After going with Strasburg, I wrestled with taking another $17-$20 pitcher or filling out my rotation with more mid-range options. After finding Richards and Smyly at a combined $20, my decision was made. I’m very confident at least one of these guys will end the year as a solid SP2, and there’s a good chance both will. With Strasburg, Richards, and Smyly, my rotation core has big strikeout potential built into it with the ability to match that finish in ERA.

With my favorite high-ceiling guys in tow, it was time to grab a couple of my favorite high-floor pitchers in Quintana and Chen. I end up with many shares of the former every year, and with an improved White Sox lineup to boost his win total this could finally be the year the hype matches the performance. Chen doesn’t blow anyone away in any specific area, but should be a benefactor of a change of scenery this year. His strikeout rate should at least stay constant given his move to the National League, and more importantly he should see a marked improvement in home run rate moving from Baltimore to Miami. To fill out my rotation, I took a chance on Berrios, who I expect to be up relatively early in the season and have the highest ceiling of all the minor-league starters this year.

For my bullpen, Britton ended up being the cheapest RP among the three I mentioned at the top of this write-up. Building a relief corps around a pitcher with a double-digit K/9 and a historic groundball rate is a good start. Doolittle is one of my favorite buys on the pitching side, as he’s not far removed from being one of the best RP options in the game. Even in his small sample last year, his peripherals suggested he’s at least a viable fantasy option. He has a floor of a top-12 RP and should finish even higher. I suspect the Rangers will be looking for a new closer at some point this summer, and while some are enamored with Sam Dyson I’d rather take a chance on the stuff of Kela. Even if he doesn’t get the ninth inning, he’ll help me in strikeouts, which is all I can ask from a $1 buy.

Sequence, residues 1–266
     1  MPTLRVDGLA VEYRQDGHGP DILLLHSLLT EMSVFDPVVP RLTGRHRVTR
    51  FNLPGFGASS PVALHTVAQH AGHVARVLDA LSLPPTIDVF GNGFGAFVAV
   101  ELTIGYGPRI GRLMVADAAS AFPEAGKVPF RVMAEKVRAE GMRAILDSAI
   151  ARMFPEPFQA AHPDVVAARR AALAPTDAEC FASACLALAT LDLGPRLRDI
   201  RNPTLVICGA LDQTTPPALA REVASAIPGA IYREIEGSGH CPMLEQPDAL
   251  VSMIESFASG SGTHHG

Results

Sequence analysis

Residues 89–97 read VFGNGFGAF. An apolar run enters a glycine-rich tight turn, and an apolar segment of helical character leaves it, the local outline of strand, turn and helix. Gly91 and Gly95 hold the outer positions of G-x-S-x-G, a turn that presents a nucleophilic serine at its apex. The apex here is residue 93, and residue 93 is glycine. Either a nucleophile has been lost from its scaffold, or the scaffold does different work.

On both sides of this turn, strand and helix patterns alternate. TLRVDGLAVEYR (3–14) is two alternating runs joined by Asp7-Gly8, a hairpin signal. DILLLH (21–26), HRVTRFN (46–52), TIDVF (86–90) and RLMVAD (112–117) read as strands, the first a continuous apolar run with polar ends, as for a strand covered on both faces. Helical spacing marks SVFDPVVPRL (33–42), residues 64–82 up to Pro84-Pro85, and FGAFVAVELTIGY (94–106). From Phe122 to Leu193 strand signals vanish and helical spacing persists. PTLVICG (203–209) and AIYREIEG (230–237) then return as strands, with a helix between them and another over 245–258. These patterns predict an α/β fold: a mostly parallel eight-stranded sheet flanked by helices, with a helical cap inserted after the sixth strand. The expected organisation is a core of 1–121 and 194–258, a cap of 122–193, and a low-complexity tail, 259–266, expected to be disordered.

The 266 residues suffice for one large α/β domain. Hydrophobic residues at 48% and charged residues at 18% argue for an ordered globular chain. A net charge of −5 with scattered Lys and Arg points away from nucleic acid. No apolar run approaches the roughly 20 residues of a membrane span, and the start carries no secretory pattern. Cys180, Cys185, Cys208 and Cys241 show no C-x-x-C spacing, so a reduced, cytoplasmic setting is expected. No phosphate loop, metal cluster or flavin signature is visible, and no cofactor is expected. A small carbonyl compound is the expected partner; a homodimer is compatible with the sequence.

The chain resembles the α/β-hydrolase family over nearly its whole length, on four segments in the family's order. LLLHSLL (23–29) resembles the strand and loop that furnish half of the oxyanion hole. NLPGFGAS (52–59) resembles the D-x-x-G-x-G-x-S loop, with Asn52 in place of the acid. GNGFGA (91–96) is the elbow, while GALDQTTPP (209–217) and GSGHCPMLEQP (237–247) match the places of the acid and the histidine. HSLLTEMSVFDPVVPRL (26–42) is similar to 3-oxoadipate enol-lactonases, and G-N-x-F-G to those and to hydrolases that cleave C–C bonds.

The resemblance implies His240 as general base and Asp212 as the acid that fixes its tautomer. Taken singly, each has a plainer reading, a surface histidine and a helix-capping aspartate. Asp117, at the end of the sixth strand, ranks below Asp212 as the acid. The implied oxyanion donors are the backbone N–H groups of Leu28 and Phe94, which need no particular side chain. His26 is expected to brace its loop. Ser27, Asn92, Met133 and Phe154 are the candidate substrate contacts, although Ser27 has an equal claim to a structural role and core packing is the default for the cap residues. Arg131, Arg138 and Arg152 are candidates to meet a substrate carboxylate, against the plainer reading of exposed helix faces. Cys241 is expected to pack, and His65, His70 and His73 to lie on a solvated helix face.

Overall Takeaways
There are always pros and cons to using a strategy like this in which you avoid the top tier at every position. The biggest con is not having a sure-fire star to fall back on. The closest thing I have to that is likely Votto, and his team gives him a low ceiling in two categories. With that being said, I think I gave myself plenty of opportunities to have players who can emerge into that $30-plus range, both on offense and on my pitching staff. I’m very confident in my mix of high-upside youth and relatively safe veterans.

Matt Collins is an author of Baseball Prospectus. 
Click here to see Matt's other articles. You can contact Matt by clicking here

Related Content:  Fantasy,  Staff Picks,  Model Portfolio